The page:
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Harry Talks Life On The Afghan Front Line, Blames Nude Scandal On Being 'Too Much Army & Not Enough Prince'


Jan. 21 2013, Published 7:35 p.m. ET

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There may not be any direct blood on the royal hands, but Prince Harry has confessed that he has most likely shot down Taliban insurgents  and sent them to their graves during his tour of duty in Afghanistan.

The 28-year-old prince and British army helicopter pilot made the frank revelation when asked if he had killed anyone during his five-month deployment as an Apache co-pilot gunner.

"Yeah, so lots of people have. The squadron's been out here. Everyone's fired a certain amount," he replied, according to

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"If there's people trying to do bad stuff to our guys, then we'll take them out of the game," he explained about his grueling second tour of the war-torn country. "We fire when we have to, take a life to save a life, but essentially we're more of a deterrent than anything else."

Harry went on to confirm that his main role is to recover injured troops rather than up the death toll of the enemy, "Our job out here is to make sure the guys are safe on the ground. Now if that means shooting at someone who's shooting at them, then we'll do it," he said.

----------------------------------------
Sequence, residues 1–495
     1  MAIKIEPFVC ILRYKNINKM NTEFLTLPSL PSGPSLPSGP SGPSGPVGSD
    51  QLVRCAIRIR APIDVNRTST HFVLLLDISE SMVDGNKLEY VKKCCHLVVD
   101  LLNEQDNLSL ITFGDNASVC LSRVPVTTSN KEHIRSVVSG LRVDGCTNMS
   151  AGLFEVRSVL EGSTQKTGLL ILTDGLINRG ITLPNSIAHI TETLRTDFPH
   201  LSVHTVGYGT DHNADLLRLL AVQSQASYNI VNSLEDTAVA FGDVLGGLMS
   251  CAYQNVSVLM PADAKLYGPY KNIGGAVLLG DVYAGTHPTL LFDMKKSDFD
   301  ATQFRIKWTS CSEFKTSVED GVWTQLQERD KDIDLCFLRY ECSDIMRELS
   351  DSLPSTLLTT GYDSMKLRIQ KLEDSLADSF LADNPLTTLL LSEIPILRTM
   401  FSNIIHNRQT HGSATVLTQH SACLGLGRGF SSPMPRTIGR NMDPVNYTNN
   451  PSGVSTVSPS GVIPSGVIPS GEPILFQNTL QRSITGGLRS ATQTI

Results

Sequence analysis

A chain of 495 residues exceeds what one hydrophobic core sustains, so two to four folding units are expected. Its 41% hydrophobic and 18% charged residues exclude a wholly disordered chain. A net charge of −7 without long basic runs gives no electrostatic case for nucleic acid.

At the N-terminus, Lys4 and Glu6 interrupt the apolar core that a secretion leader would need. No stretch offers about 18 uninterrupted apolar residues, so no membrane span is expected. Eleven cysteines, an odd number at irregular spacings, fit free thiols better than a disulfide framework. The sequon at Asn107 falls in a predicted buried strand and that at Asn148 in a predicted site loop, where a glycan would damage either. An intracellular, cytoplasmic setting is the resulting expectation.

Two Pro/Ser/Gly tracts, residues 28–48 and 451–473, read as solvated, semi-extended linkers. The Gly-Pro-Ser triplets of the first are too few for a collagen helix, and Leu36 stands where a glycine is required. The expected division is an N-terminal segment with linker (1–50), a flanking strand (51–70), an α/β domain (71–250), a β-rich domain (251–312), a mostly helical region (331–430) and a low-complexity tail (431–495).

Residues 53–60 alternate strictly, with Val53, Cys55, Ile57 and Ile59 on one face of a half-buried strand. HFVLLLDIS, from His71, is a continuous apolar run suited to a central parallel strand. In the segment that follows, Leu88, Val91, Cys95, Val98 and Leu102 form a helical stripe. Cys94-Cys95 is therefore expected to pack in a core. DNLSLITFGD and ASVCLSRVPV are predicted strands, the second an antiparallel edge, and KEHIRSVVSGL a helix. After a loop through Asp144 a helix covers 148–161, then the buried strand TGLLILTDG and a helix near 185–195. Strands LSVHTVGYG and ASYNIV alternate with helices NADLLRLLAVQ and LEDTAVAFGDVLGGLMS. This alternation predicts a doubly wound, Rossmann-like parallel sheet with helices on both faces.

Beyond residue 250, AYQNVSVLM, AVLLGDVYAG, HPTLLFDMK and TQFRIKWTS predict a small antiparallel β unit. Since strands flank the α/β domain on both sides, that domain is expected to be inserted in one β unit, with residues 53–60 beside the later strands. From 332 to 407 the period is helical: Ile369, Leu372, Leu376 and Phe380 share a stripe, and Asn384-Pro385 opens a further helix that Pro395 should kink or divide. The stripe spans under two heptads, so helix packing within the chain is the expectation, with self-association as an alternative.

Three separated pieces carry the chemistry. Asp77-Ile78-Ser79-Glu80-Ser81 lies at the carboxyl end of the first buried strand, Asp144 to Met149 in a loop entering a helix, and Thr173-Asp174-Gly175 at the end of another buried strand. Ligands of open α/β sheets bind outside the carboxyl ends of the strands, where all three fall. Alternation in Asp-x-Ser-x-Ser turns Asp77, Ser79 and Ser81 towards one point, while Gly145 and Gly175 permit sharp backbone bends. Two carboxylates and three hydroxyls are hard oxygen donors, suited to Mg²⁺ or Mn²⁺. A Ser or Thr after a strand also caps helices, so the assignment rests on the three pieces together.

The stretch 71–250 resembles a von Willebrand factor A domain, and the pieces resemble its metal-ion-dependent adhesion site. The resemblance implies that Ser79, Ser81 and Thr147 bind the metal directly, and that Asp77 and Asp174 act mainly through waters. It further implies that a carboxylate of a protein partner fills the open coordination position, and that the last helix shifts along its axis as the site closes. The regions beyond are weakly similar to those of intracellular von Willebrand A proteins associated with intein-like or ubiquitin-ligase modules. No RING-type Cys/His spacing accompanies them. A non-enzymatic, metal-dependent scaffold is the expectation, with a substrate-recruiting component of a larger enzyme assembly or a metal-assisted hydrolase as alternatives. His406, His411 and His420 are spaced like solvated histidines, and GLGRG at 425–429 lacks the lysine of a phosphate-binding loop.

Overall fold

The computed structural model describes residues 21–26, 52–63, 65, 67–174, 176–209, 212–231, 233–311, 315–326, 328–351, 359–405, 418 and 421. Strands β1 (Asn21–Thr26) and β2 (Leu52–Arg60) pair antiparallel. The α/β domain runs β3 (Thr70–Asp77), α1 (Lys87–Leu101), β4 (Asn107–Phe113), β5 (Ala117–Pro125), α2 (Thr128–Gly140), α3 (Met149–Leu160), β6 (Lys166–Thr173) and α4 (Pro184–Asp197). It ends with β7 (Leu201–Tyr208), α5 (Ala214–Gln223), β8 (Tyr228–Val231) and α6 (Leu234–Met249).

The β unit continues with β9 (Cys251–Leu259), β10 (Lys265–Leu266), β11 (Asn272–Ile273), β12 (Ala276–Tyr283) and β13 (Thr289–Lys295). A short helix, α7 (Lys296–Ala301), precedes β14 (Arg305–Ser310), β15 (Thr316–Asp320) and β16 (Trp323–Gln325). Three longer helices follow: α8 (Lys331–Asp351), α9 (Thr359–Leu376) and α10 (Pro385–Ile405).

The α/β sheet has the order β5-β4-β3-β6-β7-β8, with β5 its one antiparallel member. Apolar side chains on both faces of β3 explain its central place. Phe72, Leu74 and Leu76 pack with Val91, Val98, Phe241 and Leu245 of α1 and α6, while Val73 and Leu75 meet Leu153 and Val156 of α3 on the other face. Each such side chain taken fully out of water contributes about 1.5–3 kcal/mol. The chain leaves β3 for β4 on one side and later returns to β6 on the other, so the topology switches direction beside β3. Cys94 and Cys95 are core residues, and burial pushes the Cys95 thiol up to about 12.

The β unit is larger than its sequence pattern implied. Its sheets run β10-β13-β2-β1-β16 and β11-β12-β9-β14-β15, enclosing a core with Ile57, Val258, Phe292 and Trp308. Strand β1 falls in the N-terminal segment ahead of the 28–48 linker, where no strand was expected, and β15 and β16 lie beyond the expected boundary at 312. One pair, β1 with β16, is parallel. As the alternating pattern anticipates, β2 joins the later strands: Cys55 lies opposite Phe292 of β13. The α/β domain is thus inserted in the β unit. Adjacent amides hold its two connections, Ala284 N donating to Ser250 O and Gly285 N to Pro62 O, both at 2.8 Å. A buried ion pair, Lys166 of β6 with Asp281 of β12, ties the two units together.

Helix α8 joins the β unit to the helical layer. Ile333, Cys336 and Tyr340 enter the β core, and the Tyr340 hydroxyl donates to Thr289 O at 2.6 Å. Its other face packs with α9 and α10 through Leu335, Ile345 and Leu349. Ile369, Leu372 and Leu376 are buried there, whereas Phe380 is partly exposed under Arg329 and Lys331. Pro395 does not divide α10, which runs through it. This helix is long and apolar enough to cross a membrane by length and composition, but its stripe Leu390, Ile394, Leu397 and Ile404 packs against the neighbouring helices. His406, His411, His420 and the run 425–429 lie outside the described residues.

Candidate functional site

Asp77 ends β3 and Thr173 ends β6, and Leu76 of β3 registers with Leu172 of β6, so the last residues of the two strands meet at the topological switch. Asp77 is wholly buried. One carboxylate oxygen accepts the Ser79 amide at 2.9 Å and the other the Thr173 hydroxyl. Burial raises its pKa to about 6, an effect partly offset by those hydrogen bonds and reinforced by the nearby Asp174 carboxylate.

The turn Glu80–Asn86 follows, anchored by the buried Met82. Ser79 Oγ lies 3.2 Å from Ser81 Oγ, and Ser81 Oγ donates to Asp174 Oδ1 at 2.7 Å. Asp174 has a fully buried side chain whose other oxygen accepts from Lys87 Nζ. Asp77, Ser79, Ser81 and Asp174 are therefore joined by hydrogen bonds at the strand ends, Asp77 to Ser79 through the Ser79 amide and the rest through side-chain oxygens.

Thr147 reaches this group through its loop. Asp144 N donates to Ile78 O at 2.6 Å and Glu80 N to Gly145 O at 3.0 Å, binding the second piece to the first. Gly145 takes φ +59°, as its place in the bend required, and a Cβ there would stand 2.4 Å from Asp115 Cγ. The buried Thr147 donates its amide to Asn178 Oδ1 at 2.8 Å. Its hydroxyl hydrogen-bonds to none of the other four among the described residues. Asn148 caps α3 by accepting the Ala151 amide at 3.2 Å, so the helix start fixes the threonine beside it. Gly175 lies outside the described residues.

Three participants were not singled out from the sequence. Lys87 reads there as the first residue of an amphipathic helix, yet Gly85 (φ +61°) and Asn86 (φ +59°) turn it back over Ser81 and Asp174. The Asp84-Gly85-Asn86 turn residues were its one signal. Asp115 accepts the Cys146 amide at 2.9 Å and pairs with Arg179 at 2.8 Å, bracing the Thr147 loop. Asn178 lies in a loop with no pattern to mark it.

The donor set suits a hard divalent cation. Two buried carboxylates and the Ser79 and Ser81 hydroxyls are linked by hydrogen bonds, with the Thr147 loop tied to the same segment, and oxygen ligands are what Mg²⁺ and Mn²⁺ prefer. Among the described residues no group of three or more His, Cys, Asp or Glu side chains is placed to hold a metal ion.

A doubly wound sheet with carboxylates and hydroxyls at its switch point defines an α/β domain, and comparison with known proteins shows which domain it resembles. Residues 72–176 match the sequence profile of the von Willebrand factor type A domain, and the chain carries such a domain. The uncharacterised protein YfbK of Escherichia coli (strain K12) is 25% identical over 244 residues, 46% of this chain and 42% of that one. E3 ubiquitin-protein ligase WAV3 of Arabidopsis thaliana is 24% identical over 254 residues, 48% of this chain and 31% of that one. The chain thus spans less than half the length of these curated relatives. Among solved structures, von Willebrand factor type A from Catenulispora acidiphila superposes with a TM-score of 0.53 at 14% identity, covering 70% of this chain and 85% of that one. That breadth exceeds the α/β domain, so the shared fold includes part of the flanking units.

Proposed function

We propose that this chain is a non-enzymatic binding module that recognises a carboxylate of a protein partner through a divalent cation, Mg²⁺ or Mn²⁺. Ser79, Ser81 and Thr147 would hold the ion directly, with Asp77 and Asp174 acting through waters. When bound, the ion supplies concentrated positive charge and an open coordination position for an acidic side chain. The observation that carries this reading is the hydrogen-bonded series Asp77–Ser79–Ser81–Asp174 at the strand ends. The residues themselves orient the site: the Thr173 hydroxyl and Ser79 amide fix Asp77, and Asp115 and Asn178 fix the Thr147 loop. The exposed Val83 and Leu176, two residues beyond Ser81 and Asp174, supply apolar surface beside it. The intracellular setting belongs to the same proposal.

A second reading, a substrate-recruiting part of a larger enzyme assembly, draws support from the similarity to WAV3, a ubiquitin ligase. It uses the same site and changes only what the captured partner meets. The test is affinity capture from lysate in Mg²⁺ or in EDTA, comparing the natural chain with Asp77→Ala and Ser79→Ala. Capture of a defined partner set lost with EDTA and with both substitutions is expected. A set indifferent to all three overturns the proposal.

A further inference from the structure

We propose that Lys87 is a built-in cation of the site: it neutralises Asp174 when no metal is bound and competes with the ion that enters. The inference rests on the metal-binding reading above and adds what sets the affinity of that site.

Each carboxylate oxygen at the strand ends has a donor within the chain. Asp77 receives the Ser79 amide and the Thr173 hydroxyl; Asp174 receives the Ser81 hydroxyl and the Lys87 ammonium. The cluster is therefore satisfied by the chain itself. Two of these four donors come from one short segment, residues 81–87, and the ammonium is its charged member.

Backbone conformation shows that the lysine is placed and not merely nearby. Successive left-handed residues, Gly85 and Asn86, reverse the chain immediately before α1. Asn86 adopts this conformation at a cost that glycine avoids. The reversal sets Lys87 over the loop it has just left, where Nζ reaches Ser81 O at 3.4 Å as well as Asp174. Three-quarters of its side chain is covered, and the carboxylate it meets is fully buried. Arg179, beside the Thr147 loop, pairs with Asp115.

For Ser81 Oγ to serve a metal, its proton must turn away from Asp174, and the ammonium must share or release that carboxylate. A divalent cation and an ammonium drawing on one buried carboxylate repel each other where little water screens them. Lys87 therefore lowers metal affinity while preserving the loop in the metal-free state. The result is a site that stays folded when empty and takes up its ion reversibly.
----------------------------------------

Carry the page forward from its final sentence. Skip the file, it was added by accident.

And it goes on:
Captain Wales , as the prince is known in the military, is the first member of the Royal Family to see active combat  since his uncle, the Duke of York, fought in the Falklands War in 1982.

As previously reported, within days of his landing at Camp Bastion last September it was attacked by Taliban insurgents and Harry was sent under guard to a secure location . "Obviously the papers back home were like 'this is all against me'. No-one really knows yet," he explained about the attack, adding, "But either way, this camp is in the middle of Afghanistan and it should be expected to be attacked at any point... and it was on my birthday, so it was a bit of a reality check."

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While Harry faces the wrath of the enemy overseas, his older brother and future King of England, Prince William, is stuck back in Wales flying rescue missions for the Royal Air Force. "Obviously he'd love to be out here and I don't see why, to be honest with you, I don't see why he couldn't," Harry said.

"No-one knows he's in the cockpit. Yes, he'd get shot at but, you know, if the guys who are doing the same job as us are being shot at on the ground, I don't think there's anything wrong with us being shot at as well.

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"People back home have issues with that, but we're not special - the guys out there are. Simple as that."

The prince's countrymen had plenty to say about the royal ruckus Harry caused when he got caught in a nude scandal  after showing his crown jewels during a raunchy party in Las Vegas last August, which he admitted was "a classic example of me probably being too much Army and not enough prince."

"But at the end of the day I was in a private area and there should have been a certain amount of privacy that one should expect," he added.

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Generally the fun-loving royal does a better job of juggling his different roles in life, "You've got to be able to flick the switch all the time," he explained. "I think I said a while back there's three 'me's, as it were. One in the army, one socially - my own private  time - and one sort of with the family and stuff like that.

"I like to think it's measured and balanced... Army comes first - it is my work at the end of the day."



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